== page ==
Iraq's Parliament has been without a Speaker for months and, what do you know, they finally got around to electing one Sunday. December 23rd, the Speaker was ousted. By Parliament. Mahmoud Mashadani had been the speaker. The Iraqi Parliament remains without a speaker all this time later. Alsumaria reported Saturday on the possibility that Sunday's Parliamentary session will resolve the issue. There were six candidates Mostapha Al Laithi, Taha Al Luhaibi and Mohammed Tamim (all with the National Dialogue Front) and Iyad Al Samirrai, Hajem Al Husni and Adnan Al Bajaji (Accordance Front). The Accordance Front favors Iyad Al Samirrai (back in March, they sued to ensure that he could be a candidate). Alsumaria explained the process for voting rounds: "During the first stage, candidates compete among each others. The candidate to win should rally 138 votes out of 275 lawmakers plus one. The statement added if these votes were not reached, a second round will be carried out with the participation of candidates who got most votes in the first round. Yet, if during the second stage, candidates fail to rally 138 votes, a third round is carried out during which the candidate who obtains the majority of votes wins." 138 votes were needed. BBC reported the winner had 153 of the 232 votes cast -- 17 more than required. The winner? Who do you think? Liz Sly (Los Angeles Times) reported Sunday that the winner was Iyad Al Samirrai. Sly glossed over the ouster. Mashadani was ousted. Even the US State Dept admits that. See their report released last week [PDF format warning] "Iraq Status Report." It doesn't get much clearer than, "The COR has yet to reach a consensus on appointing a new Speaker since Mahmoud Mashadani was ousted on December 23, 2008." His political party had to sue to prove he was eligible to run. Why? Liz Sly mentions the rumors that the Parliament has been planning a no-confidence vote in al-Maliki for months. (Ahmed Chalabi has spoken publicly of that and noted that such a vote, if taken, would be procedural and Constitutional and not, as al-Maliki has insisted, a "coup.") Timothy Williams (New York Times) also glosses over reality of the ouster -- surprising for the Times until you grasp they've long loathed Mashadani and started a smear campaign (portraying him as weak, fallen, unable to leave his father's home back in the summer of 2006 when, in fact, the man was using the Parliamentary break to do business in Jordan). Williams does note some of what puppet of the occupation Nouri al-Maliki was doing:
Even as Parliament was voting, Mr. Maliki appeared before hundreds of uniformed commanders at the Interior Ministry and warned that factions within Iraq threatened national unity. As he has in recent days, he suggested that opponents -- whom he did not identify -- were seeking to undermine his government. "Today we face a new war of subversion, sedition and suspicion," he said. "We have to warn ourselves, myself and all you, of the sedition that was defeated in the battle and is being provoked in a certain problem here and another problem there."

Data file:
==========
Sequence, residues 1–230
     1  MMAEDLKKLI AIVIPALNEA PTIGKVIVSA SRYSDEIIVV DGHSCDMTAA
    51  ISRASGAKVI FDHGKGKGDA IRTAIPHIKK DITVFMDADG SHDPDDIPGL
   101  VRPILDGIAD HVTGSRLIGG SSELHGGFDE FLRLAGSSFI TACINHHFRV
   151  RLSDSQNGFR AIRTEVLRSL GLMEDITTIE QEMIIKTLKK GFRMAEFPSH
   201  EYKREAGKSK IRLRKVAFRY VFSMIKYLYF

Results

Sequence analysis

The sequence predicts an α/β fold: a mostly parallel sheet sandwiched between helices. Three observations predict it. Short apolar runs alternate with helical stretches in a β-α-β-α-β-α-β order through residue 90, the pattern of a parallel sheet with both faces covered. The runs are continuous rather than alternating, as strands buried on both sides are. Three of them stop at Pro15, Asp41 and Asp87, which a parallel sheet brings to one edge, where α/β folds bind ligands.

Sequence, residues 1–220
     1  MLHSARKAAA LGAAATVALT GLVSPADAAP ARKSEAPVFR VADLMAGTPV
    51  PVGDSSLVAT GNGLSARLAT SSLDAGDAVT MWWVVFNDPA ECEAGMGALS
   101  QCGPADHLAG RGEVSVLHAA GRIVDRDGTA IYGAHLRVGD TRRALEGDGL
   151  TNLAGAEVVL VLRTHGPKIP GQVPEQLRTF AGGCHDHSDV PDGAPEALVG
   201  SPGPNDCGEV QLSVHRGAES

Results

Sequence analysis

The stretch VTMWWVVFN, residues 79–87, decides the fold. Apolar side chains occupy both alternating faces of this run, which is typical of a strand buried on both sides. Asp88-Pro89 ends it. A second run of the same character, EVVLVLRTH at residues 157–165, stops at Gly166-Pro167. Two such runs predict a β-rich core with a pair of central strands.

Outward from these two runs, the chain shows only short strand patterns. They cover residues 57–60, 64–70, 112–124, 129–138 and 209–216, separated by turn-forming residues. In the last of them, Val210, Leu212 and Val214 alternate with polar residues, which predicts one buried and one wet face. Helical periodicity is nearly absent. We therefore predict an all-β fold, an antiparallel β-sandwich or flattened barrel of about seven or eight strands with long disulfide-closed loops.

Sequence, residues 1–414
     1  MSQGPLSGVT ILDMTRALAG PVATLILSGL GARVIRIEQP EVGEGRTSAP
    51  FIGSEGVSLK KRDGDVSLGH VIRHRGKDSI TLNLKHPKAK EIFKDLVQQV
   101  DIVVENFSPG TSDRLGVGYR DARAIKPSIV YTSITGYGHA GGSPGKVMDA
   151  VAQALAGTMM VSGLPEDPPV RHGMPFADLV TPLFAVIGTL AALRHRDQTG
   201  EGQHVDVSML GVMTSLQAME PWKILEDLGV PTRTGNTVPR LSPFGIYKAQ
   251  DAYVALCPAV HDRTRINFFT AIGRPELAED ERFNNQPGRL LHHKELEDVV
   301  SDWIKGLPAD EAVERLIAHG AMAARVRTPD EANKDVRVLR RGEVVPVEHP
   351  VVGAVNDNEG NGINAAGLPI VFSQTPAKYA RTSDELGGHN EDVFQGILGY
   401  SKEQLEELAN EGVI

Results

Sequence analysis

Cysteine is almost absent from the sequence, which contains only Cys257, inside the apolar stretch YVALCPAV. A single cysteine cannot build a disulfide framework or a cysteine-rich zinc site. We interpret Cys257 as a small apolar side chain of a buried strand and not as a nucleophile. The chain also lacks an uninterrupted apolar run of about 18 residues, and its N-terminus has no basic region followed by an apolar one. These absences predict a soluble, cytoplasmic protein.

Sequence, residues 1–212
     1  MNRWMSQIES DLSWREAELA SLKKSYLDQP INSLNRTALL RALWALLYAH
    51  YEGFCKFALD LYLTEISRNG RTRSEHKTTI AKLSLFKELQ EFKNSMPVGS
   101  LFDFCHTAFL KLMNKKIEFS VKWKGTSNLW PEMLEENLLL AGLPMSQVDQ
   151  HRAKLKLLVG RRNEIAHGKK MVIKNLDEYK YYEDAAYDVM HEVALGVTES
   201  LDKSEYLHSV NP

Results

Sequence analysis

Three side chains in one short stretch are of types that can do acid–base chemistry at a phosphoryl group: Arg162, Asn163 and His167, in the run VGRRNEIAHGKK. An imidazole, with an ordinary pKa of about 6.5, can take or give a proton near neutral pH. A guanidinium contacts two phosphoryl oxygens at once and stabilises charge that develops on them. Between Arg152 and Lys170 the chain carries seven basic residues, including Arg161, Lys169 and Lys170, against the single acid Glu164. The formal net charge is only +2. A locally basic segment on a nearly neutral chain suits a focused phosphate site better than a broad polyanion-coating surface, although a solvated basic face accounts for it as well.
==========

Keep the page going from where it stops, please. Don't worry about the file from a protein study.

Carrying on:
Some. al-Maliki had another 'accomplishment' yesterday and it was so swift that some in the press are now attempting to create new dates for it. Let's start with what happened. Sunday McClatchy Newspapers' Hussein Kadhim and Sahar Issa reported three people were wounded in a shooting assault on Baghdad jewelry shops. Reuters updated that to 7 people shot dead in Baghdad in an attack "using silencers at a gold shop". Qassim Abdul-Zahra (AP) reported that the murders of the 7 "gangland style" has already led al-Maliki to create his own "gangland style" police unit. No word was provided on whether the creation came so easy (less than 24 hours!) because so many "gangland style" -- possibly even the robbers-murders -- already work for al-Maliki. In some reports today -- they know who they are -- there is a move to back the robberies to Saturday. Why? Well it's amazing that on the same day the "gangland style" robberies take place, al-Maliki's able to respond with a "gangland style" police unit -- amazing and unbelievable. From fairy tales back to reality, one would think al-Maliki would be doing cartwheels over al-Samirrai's election. After all, they're both cowards who fled Iraq because they loathed their government. They didn't want to fight to change it but were happy to Little Bunny Fu Fu it back to Iraq just as soon as the US toppled Saddam. Liz Sly notes al-Samarrai "spent nearly a decade in exile in Britian" and Timothy Williams explains he "fled Iraq in the 1980s during Saddam Hussein's rule". For all the talk of Iraq 'learning' 'democracy,' they sure seem unable to find 'democratic' leaders among their own. Or maybe it's the US that's so fond of installing the exiles?
RECOMMEDED: "Iraq snapshot"
"Cindy Sheehan, Matthis Chiroux, Dear Abby and others aware the Iraq War drags on to this day"
"McGovern pleads, NYT misleads"
Isaiah's The World Today Just Nuts "Court-ordered"
"And the war drags on . . ."
"He won't dance, don't ask him"
"Talabani says he'll run again, Kristoffer Walker busted to private"
Truest statement of the week
Truest statement of the week II
A note to our readers
Editorial: Media Whores and Medea Whore
TV: Broken or fixed?
Papers and David Carr Stuck In The Box
Civil Rights history including 'Now!'
The Shirley goes to . . .
Lt. Muthana Shaad's Gay Boy Chronicles
Yesterday's Morning Glory Naomi Klein
Matthis Stands Tall April 21st
Highlights "He taught college, right? Right?"
"THIS JUST IN! WHO PASSED THIS FOOL?"